What’s Next for Small Businesses Now That Paycheck Protection Loans Have Dried Up?

A $349 billion loan program intended to help small businesses pay their employees through the COVID-19 crisis hit its cap in less than two weeks. While officials say they’re working hard to inject billions in additional funding, industry groups say additional protections are needed soon if companies are going to stay afloat.

The Paycheck Protection Program was passed last month as part of the CARES Act, Congress’ $2 trillion economic relief bill. It allows companies with fewer than 500 employees to apply for forgivable loans to cover payroll expenses through the end of June. On Thursday, though, the Treasury Department and Small Business Administration (SBA) said the program was out of money after issuing loans to 1.6 million businesses.

“The SBA is currently unable to accept new applications for the Paycheck Protection Program based on available appropriations funding,” reads a message on the government agency’s site.

According to the SBA, there are more than 30 million small businesses in the U.S., employing 58.9 million people — or nearly half of the U.S. workforce.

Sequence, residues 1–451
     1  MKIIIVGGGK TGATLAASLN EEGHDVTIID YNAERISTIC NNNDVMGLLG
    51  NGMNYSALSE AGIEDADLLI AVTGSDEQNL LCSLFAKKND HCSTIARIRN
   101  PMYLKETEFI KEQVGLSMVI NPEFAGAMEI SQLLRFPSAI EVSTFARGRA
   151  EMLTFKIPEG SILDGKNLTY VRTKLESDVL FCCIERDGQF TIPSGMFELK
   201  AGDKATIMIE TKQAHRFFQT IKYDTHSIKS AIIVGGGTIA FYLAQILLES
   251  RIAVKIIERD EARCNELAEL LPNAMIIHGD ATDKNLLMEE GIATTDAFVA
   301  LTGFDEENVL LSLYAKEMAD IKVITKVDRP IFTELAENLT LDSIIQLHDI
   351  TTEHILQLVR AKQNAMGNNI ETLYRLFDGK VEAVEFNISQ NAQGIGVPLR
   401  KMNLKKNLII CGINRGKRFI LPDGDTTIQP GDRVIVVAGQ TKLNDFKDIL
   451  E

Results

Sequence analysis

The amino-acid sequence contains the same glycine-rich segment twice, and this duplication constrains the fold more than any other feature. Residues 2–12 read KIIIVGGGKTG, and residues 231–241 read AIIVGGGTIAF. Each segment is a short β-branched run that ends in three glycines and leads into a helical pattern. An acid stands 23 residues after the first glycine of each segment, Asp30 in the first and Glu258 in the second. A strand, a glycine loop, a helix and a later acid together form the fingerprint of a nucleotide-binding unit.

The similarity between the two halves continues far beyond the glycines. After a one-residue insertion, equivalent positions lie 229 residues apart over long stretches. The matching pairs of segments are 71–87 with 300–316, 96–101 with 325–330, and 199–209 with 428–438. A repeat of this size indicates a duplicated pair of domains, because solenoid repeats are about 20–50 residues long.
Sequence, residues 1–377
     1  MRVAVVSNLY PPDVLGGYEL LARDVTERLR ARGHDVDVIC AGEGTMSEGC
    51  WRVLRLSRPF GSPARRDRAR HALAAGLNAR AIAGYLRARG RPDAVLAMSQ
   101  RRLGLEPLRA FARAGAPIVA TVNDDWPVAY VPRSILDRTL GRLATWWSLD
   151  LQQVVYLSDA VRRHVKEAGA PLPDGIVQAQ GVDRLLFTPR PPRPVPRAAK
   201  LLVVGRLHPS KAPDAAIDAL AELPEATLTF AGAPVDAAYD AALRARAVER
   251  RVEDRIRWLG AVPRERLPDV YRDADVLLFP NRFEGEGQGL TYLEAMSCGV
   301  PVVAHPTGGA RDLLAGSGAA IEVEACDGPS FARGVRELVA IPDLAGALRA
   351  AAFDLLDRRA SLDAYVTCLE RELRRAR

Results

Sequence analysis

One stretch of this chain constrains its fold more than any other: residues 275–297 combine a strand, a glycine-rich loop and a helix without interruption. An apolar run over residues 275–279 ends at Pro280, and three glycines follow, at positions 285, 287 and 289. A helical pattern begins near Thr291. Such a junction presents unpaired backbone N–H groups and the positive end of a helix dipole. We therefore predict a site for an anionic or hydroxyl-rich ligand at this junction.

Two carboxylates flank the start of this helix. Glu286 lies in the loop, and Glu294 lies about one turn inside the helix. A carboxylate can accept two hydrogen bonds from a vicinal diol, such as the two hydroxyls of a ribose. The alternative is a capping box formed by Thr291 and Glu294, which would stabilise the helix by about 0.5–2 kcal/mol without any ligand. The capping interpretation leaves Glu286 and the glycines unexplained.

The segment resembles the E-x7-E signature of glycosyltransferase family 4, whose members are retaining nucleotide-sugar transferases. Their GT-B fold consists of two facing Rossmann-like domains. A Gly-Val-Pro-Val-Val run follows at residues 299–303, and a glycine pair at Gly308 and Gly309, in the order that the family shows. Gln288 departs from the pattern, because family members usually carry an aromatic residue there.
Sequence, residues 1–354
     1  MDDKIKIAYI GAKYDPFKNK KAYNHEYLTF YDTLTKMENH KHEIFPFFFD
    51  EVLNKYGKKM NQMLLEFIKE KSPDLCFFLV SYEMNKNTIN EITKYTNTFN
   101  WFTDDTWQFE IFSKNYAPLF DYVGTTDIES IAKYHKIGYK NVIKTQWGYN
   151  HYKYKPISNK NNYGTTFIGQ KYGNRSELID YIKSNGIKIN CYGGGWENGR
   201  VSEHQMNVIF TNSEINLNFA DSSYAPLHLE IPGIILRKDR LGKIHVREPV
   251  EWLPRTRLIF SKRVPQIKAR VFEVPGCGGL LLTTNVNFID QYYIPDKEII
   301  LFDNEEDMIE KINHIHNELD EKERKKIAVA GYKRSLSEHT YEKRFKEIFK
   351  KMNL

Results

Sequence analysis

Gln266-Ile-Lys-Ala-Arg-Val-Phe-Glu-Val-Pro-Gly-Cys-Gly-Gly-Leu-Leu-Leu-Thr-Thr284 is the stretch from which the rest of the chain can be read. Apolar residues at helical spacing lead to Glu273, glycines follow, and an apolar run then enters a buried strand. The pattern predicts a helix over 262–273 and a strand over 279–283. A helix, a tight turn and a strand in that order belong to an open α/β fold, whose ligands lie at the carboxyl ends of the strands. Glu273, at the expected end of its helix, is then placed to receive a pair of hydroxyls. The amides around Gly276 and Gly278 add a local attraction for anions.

Democrats and Republicans are both seeking additional funding for the program, but negotiations have stalled amid disagreements over whether the bill should also include money for state and local governments, hospitals and food assistance.

On Friday, Senate Minority Leader Chuck Schumer explained to reporters why Democrats blocked an earlier version of the bill that didn’t include the additional categories of aid: “It’s vital we help small business, but if we don’t deal with the testing and health-care problems, if we don’t deal with local government problems, small business may have enough money to get back, although we’ve got to fix that program, but people won’t go out on the streets.”

He promised that talks would continue through the weekend, and on Sunday, Treasury Secretary Steven Mnuchin said the new “interim” spending bill would include about $350 billion in extra funding for the small-business program, $75 billion for hospitals and $25 billion for coronavirus testing, though a deal has yet to be reached.

With stores closed and revenues down dramatically across most of the retail industry, the National Retail Federation is calling on Congress to expand the PPP even further. The organization is pushing for an additional $600 billion for the program in order to fund loans through December 2020.

“It is clear that extended public health restrictions and a slow return to normal work, public gathering and travel patterns will result in small businesses having limited customers and revenue far beyond June 30,” wrote David French, NRF senior vice president of government relations, in a letter to House and Senate leaders. The organization also asked for more flexibility for businesses with closed locations to use loans for rent and utilities; currently, the 1% interest rate is forgiven if the funds go largely toward paying employees.

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